Saturday, April 5, 2014

Chess Coding Challenge - Part 4 - Solution in Human Readable Pseudo-code...

Part 1 - How I Leveraged Scala and FP to Find a Solution
Part 2 - Scala infrastructure source code (and two encoder/decoder implementations)
Part 3 - Scala solution source code (and interim encoder/decoder implementations)

Summary:

The final solution encoder/decoder, HuffmanSimpleKingsPawnOptimal, described in a human readable pseudo-code format.

At a very high level, the number of pawns and their ability to be promoted are the primary constraint of the problem domain. So, a layered approach is used to contextually select an optimal encoding strategy which is then leveraged by the next layer down. 


Details:
Here are the assumptions which were leveraged in the final solution:
  1. Both kings are always present in any valid board encoding - even the checkmate state is shown as the final board position prior to the capture of the king
  2. Of the 16 pawns present at the start of a game, a maximum of 12 may be promoted
  3. Due to the forced pawn promotion rule, there are never any pawns present on the first and last rows of the board

As this is not a description of the journey with which the solution was derived, I will jump straight into describing the decoder.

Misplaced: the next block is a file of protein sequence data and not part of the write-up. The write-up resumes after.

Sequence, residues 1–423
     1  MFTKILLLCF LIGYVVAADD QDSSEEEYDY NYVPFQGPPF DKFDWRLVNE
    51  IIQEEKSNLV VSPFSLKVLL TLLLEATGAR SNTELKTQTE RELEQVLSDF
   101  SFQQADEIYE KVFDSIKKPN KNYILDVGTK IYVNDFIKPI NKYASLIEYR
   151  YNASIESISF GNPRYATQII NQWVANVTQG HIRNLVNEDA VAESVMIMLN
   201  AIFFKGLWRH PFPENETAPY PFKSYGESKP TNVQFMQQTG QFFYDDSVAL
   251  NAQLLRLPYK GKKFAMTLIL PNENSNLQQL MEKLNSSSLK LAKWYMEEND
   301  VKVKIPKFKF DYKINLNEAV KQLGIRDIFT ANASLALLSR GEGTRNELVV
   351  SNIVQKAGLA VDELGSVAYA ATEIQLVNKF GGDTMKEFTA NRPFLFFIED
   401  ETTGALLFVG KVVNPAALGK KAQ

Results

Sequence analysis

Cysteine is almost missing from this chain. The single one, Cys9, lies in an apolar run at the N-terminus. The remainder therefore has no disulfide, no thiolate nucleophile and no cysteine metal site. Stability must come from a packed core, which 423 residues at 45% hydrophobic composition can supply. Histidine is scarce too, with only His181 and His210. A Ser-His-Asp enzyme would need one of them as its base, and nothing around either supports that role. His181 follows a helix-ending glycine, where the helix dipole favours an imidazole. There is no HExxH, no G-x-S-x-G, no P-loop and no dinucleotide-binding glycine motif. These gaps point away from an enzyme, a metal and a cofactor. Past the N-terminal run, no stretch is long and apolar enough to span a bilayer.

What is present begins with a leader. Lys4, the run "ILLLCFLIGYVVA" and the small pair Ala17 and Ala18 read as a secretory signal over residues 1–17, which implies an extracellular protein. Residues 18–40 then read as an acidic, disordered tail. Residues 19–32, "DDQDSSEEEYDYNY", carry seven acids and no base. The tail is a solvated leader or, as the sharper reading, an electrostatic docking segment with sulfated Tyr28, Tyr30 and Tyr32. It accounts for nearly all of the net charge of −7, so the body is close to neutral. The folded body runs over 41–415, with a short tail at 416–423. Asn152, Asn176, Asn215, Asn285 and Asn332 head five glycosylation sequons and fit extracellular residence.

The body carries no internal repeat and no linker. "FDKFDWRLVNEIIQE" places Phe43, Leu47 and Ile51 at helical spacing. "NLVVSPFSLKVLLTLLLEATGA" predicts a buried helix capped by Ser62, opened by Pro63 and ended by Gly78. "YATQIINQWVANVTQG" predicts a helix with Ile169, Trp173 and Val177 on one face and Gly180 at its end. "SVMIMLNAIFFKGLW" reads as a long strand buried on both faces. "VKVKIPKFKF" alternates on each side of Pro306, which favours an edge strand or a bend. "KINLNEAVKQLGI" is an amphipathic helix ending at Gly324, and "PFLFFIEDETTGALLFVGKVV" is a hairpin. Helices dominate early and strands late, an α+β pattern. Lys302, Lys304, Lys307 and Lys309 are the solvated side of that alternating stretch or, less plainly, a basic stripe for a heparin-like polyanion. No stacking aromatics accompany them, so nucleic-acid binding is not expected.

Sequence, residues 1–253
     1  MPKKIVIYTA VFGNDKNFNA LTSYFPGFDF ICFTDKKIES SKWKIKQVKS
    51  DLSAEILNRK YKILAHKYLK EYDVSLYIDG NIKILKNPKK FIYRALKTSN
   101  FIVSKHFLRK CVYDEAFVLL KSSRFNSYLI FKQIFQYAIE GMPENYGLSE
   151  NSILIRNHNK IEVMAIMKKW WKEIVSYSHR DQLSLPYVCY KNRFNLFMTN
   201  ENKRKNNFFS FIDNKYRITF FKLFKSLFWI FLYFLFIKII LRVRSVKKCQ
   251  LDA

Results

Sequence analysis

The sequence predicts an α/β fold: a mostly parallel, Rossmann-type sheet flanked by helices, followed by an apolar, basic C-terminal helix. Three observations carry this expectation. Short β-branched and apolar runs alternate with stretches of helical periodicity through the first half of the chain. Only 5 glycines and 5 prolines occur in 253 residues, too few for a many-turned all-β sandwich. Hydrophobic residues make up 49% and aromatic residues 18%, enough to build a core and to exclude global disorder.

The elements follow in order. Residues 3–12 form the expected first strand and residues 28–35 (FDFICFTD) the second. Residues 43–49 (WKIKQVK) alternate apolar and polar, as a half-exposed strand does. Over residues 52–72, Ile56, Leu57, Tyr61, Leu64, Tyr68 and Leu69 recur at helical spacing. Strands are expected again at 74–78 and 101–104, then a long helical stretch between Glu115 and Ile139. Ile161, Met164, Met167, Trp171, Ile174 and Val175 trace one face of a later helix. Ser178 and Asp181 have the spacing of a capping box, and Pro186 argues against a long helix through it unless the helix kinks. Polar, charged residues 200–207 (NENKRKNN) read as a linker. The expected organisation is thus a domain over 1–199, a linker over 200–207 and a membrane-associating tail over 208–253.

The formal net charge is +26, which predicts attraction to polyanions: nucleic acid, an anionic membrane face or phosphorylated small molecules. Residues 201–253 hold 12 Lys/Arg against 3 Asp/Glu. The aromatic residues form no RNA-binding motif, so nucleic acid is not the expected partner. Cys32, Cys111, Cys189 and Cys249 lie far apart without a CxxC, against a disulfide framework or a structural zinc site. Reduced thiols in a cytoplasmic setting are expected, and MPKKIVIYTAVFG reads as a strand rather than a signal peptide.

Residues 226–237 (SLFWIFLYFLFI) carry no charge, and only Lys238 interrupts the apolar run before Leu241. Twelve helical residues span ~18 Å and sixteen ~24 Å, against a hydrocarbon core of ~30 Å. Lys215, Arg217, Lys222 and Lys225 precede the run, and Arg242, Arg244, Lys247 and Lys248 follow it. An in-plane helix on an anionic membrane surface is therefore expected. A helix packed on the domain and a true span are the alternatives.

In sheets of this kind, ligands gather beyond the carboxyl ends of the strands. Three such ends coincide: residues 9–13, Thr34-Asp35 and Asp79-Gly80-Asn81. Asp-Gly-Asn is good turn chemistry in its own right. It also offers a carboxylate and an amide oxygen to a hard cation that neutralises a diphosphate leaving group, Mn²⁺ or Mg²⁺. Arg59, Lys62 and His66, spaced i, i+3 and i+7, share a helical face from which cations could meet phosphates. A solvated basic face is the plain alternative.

Decoding the header:
  • UseRowDecoder: The first bit the decoder reads is used to select between two pawn decoding strategies; either by row (true) or by column (false)
  • WhiteKing: The next 6 bits encode the position of the white king as a linear coordinate value; a value 0-63 inclusive
  • BlackKing: The next 6 bits encode the position of the black king as a linear coordinate value; a value 0-63 inclusive
  • PawnsToDecode: The next n bits (either 6 or 8 determined by UseRowDecoder) encode for each slice (either row or column) whether one or more pawns are present

Decoding each particular square:
  • Index: set to 0 - this is the board squares index which will contain a single integer value of 0 to 63 (inclusive), decode guided by information captured in the header
  • StartOfLoop: will decode guided by information captured in the header
  • If Index is not equal to WhiteKing, goto IsBlackKing
  • Mark the square at the current Index as White King
  • Increment Index